John Edward Cooper’s Notes

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Gooding and I go on holiday

Early Days

A holiday in the Lake District
 1. At school, Peter Gooding and I found out about an outdoor-activity holiday in the Lake District. Details may have been posted on a notice-board. It was to take place in the forthcoming long summer-holiday. I seem to remember being in the Physics Lab., looking at literature and discussing it with a teacher, perhaps Mr. Price. I remember that there was a long list of things to take—items of clothing, etc.—including sturdy boots for walking. Also listed, though, were “comfortable boots”, presumably for wear when not walking. (Seemingly, these outdoor types had never heard of shoes!) This particular list-item greatly amused Peter and me, and it became a catch-phrase between us: at any time and for no reason one or other of us might just exclaim: “Comfortable boots!”

Glyn W. Price, M.A. (Cantab), from class photo, 1962

Late August, 1964
 2. And the time for the holiday came, a week, probably Saturday to Saturday, in the latter half of August, 1964. Mr. and Mrs. Gooding took us there in their blue Hillman car.
[1] It was on the wooded west shore of Lake Windermere, a couple of miles north of Lakeside, an establishment run by the YMCA. There was a cluster of permanent buildings at the end of the driveway containing, I suppose, dining facilities, conference- and class-rooms, offices, and so on. I remember that there was a very attractive dark-haired young woman who worked in the office there. She looked shapely in a dark blue dress, belted or well-fitted at the waist, with the fabric at the bodice draping somewhat in loose folds. She held the position of—“purser”, I thought they said, but it could have been “bursar”. Our accommodations were some way off from there, in wooden huts with bunks, each housing perhaps eight people.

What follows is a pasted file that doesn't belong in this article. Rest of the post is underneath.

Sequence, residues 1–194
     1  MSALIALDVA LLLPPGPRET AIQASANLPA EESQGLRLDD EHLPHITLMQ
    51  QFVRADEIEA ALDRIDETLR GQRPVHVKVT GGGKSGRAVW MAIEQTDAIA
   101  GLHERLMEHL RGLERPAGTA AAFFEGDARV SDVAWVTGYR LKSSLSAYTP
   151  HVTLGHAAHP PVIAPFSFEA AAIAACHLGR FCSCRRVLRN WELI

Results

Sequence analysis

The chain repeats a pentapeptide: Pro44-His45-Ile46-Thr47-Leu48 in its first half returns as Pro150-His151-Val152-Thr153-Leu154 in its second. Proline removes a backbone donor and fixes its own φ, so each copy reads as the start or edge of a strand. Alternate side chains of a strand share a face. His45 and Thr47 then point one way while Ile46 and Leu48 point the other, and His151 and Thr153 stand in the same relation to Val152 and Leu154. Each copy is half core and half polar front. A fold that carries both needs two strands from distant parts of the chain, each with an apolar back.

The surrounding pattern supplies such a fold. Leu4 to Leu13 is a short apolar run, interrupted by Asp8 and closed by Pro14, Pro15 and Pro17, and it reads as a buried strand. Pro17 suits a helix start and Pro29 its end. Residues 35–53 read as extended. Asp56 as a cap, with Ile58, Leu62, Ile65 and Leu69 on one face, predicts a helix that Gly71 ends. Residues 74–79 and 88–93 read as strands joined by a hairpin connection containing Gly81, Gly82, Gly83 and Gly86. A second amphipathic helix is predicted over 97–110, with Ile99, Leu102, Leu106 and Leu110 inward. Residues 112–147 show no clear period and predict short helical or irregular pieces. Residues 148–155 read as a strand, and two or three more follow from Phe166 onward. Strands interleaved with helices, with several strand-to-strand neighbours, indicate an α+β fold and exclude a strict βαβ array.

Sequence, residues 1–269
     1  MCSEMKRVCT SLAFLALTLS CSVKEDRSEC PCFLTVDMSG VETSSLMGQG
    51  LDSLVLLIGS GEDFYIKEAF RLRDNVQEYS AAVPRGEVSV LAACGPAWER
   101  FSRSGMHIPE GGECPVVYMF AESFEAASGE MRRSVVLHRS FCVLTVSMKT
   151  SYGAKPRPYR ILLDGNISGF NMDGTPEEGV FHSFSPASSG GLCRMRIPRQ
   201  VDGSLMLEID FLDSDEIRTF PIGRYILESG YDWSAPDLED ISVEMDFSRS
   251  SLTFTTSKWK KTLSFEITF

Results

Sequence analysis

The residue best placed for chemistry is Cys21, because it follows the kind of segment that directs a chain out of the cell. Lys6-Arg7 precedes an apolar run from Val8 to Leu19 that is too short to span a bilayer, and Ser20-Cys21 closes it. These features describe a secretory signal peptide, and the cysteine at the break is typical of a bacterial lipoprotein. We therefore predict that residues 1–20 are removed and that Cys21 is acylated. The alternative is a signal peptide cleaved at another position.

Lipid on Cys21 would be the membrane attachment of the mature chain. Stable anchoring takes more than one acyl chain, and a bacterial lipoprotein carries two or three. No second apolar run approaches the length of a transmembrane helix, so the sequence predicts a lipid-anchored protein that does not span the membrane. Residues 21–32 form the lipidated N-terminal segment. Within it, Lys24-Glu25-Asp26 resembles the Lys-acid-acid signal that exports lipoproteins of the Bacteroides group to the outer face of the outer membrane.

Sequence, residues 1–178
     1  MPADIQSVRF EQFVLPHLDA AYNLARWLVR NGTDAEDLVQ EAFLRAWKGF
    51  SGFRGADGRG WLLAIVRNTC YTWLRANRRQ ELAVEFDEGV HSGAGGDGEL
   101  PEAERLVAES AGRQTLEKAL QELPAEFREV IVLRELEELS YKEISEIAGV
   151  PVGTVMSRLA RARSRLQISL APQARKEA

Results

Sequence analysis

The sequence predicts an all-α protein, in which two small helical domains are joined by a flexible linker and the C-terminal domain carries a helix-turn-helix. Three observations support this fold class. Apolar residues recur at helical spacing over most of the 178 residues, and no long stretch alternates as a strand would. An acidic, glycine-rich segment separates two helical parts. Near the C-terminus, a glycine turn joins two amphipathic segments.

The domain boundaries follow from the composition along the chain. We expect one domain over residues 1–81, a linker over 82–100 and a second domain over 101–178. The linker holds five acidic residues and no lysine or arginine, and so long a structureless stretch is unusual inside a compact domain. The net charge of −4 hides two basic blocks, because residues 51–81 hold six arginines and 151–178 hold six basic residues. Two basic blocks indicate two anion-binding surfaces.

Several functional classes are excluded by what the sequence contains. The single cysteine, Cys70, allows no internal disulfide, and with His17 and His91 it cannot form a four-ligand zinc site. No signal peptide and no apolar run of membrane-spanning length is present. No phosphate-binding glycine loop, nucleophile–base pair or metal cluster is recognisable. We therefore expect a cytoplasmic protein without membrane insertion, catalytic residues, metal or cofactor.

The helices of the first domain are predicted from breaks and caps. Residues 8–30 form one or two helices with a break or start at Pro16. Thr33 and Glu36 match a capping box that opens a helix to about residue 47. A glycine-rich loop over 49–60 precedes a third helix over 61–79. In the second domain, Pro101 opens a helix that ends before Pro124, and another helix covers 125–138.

[1] See Early days with Peter Gooding (2): Peter’s dad’s car

A hike to Helvellyn

 3. I can’t remember much of the week’s activities. I seem to remember canoeing one day near the shore of the lake, and doing a bit of rock-climbing another time at an outcrop in the hilly area across the road west of the camp. And on one of the days we went on a fell-walk to Helvellyn. A coach took us as near as possible to the mountain, before the metalled road gave out, perhaps to the west of Patterdale, and it brought us back again to the YMCA afterwards. Thoughts of the reputedly knife-edged arête Striding Edge, with sheer drops either side, filled me with foreboding, but in reality it was quite easily doable. This should not have been surprising, really, because our party included boys perhaps as young as eleven. We approached the summit along Striding Edge, then went back on a path north of Red Tarn. To encourage the younger members of our party on the walk, the instructor, a middle aged man stripped to the waist and revealing a sun-reddened chest with white hairs, promised that there was a shop selling pop at the top of Helvellyn. The older ones took this with a pinch of salt, while nevertheless, as time went on and thirst increased, they began to hope that it was true. It wasn’t, of course.

 4. On this holiday I took with me a short jacket, zip-fronted, of fine-woven, buff-coloured stiff fabric, waterproofed on the inside with rubber. I called it, or someone referred to it as, a “windjammer”. As soon as I could find a souvenir-shop after my trip up Helvellyn, I purchased an embroidered patch badge depicting Helvellyn, to go on the shoulder of the windjammer.

Not the patch itself, but something like it

The Passion-Flower Hotel